Great digital marketers should use every tool at their disposal to make great marketing campaigns. Yet, there is one area of digital marketing often considered an afterthought.
That sounds like a no-brainer, right?
It is, especially in the age where data is everywhere and easily obtainable. Despite this, studies have shown only a staggering 22% of marketers believe they have a full spectrum view of their ability to use marketing data to improve their return on investment (ROI).
Marketing analytics software is the foundation on which you can increase your marketing ROI. Marketers who aren’t properly utilizing analytics software aren’t seeing the bigger picture.
It pays to make a business decision without regret. The data is there, it’s up to you to use it.
By controlling and analyzing data metrics, you can get the insights into your marketing strategies, which ultimately opens doors to wiser spending and the discovery of untapped areas of marketing potential.
This is called data-driven marketing
“But, I already use Google Analytics,” I hear you say.
Tools like Google Analytics are web analytics, not marketing analytics. They may seem similar but they do completely different things.
Web analytics measure metrics such as website traffic, unique visitors and bounce rates. These are useful metrics, but they serve a different purpose.
They will give you an overall insight into the performance of your website on a more technical level. They won’t be able to tell you which marketing campaigns worked, which ones didn’t and the ways in which you can improve.
On the other hand, marketing analytics can give you insight into leads, traffic, sales and much more. These are the business-oriented metrics key for measuring the success of your marketing campaigns and ROI.
According to this article, marketing analytics has been a blind spot for marketers since 2011, with only 48% of marketers actively measuring campaigns.
But, before we dive in, let’s define what return on investment actually is.
What is ROI?
You probably have a ballpark figure of how much money you spend on marketing, but do you know if this money is being spent wisely?
Return on investment (ROI) is a measurement that expresses the amount of money you earn for the amount of money you spend.
Obviously, you want to maximise your profits and yield the maximum return on your investment and mitigate making bad investments.
Your ROI will not only let you justify the money you spend on marketing, but it will help you decide on future spending levels and how resources should be allocated.
However, increasing your ROI can be a tricky and complex process and some businesses aren’t seeing the return on investment they envisaged.
How to calculate your ROI?
Calculating your marketing ROI can be a minefield as there are multiple methods of calculating it
Here is the most common sum.
- (Gross Profit – Marketing Investment) = ROI
This will give you a general overview of your ROI. It is always best practice to reference this as part of your key performance indicator (KPI) strategies.
Other methods offer more precise information.
- Marketing Budget / Leads = Cost Per Lead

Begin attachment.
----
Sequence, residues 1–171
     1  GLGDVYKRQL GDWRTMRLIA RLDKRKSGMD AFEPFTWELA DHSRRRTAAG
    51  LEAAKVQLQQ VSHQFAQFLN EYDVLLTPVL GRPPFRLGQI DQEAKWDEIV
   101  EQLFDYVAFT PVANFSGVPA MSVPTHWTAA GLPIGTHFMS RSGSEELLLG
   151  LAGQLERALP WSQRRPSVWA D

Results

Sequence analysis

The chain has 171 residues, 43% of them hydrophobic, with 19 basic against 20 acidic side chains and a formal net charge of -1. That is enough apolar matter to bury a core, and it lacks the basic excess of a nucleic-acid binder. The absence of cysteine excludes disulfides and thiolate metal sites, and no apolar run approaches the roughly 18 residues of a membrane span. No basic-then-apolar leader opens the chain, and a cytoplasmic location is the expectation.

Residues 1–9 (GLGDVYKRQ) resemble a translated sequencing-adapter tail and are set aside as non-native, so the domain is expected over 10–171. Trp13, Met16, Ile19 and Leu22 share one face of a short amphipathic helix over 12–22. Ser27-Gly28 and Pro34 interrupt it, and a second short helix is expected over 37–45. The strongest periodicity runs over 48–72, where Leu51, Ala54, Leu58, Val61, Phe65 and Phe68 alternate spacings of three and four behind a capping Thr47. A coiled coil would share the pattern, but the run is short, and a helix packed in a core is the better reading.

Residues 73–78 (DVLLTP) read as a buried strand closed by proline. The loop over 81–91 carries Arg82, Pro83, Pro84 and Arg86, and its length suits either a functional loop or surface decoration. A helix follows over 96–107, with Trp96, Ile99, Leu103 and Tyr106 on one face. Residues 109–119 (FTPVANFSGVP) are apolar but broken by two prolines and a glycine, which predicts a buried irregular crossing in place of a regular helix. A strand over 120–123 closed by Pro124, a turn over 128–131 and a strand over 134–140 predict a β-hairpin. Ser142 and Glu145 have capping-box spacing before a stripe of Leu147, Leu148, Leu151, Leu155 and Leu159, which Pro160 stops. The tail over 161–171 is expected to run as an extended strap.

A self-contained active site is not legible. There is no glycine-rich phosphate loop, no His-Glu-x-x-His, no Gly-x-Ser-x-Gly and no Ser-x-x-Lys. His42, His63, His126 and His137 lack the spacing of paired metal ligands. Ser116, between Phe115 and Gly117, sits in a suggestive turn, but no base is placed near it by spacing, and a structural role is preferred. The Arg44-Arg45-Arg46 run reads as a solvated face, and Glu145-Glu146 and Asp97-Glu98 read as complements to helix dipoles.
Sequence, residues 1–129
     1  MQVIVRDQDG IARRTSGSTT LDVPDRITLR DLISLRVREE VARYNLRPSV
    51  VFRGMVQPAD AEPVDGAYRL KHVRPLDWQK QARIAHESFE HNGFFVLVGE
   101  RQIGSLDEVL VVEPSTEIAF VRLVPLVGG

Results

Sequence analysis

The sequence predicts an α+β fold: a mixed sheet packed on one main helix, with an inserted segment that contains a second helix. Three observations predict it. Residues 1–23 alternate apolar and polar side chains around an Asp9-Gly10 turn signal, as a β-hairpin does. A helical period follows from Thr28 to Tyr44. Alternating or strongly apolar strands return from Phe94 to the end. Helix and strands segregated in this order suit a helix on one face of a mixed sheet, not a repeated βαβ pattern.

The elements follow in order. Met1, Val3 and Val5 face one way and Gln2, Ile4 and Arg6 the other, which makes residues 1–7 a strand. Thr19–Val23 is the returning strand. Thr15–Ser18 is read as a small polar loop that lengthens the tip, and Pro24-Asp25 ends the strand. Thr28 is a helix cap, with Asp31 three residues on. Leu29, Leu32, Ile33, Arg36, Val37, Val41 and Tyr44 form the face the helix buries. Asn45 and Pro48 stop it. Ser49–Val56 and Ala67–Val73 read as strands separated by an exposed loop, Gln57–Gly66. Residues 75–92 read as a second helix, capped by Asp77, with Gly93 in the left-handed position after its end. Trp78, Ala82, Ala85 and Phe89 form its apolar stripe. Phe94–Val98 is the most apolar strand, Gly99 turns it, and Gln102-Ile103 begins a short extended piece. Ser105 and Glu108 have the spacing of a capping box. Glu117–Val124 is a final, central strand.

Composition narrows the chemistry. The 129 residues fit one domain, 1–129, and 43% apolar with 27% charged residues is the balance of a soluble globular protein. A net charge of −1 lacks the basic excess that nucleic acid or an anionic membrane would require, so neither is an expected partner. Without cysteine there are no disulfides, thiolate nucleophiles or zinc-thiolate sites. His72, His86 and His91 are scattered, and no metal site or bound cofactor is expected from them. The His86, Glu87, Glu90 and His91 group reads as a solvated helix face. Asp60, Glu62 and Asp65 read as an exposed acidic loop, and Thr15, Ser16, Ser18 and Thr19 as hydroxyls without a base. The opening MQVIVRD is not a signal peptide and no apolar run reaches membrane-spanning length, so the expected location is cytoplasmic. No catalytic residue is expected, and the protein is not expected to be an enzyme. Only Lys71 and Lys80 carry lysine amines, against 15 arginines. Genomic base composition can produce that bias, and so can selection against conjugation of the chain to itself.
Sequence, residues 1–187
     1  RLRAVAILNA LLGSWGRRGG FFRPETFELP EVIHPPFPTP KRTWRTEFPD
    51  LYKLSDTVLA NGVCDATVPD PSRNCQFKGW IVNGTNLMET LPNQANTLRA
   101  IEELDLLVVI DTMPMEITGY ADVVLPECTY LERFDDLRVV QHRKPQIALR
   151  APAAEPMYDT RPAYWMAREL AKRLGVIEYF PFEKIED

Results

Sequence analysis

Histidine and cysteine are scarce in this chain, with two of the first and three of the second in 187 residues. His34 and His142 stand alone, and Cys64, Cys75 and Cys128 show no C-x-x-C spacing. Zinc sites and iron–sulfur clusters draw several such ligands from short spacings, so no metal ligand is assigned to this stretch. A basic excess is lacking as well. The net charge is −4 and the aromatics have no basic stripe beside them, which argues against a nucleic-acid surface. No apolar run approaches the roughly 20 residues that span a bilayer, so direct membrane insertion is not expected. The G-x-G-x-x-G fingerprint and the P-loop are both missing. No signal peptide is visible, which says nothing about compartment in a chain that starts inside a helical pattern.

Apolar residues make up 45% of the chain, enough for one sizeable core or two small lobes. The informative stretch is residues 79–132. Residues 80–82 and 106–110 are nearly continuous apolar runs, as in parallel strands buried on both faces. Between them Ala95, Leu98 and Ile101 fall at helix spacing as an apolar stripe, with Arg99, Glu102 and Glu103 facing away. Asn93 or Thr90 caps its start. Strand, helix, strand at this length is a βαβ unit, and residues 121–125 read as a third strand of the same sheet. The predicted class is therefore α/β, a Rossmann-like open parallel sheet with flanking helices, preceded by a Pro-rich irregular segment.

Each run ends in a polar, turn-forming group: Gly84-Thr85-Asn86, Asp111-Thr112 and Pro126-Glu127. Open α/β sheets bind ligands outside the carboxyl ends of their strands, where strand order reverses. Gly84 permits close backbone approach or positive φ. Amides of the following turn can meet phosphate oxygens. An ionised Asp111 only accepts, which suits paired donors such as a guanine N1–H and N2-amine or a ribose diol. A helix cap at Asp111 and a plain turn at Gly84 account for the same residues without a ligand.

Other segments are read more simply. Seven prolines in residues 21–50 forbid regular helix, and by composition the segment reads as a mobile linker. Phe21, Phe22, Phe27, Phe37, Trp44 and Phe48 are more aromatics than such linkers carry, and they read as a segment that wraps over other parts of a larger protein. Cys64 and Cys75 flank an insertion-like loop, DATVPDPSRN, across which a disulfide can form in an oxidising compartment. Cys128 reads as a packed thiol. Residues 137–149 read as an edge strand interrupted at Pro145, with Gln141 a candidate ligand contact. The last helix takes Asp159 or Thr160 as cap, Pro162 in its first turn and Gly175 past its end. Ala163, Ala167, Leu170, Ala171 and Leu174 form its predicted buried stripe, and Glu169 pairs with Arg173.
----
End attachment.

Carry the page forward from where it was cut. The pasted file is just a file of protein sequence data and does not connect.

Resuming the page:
- (Sales Growth – Marketing Cost) / Marketing Cost = ROI
- Average customer value per year x Average customer lifespan = Lifetime Value
Each method is better suited to a particular kind of business and may be more suitable depending on what your KPI’s are.
That said, any of them with give you a clear indication of your ROI.
The costs of ROI are largely dependent on your business niche.
You can generally determine your investment by calculating the following.
- Content creation
- Pay Per Click (PPC) fees
- Advertising agency fees
- Display ad clicks
- Traditional advertising and marketing fees
These are the broadest and most generic costs that almost any marketing department will have to take into consideration. Generally, it is best practice to include all aspects of marketing, including media expenses, development time, and human costs.
And how do you calculate financial value?
You need to determine what your sales baseline is. I.e your generated revenue if you didn’t spend any capital on marketing.
When you add this up, you get a clear picture of how good your ROI is.
A good ROI is considered to be a 5:1 ratio which is in the middle of the bell curve.
Effectively, every $5 you spend should generate $25.
Now, let’s dive into how to choose a marketing analytics software.
Using Marketing Analytics to Increase ROI
Marketing and data go hand in hand.
Without the data, you’d be hardpressed to run a marketing campaign with confidence.
In a nutshell, marketing analytics software work by consolidating data from all of your marketing channels and storing it in a central location, giving you an easily accessible and comprehensible view into your marketing performance.
Every marketer should know what they want out of a marketing analytics software before they purchase one. Have clear definitions of what your KPI’s are and how your marketing department operates.
Here are some marketing questions to ask yourself.
Who will be assessing the data and do they already have training in analytics?
If you’re a startup or small business without a dedicated analytics team, you should prioritize a solution that emphasizes user-friendliness.
How many interactions does it take to convert a lead?
More and more vendors are providing solutions that give you detailed information on individual customers, which can be particularly beneficial if it takes multiple interactions to convert a lead.
Do you use a CRM?
This will be one of the chief determiners of the kind of marketing analytics software you should choose. If you’re a business that prioritizes customer relationships, choose a marketing analytics software that integrates with a CRM, which will give you value throughout the customer life-cycle and will be a key component of your sales funnel.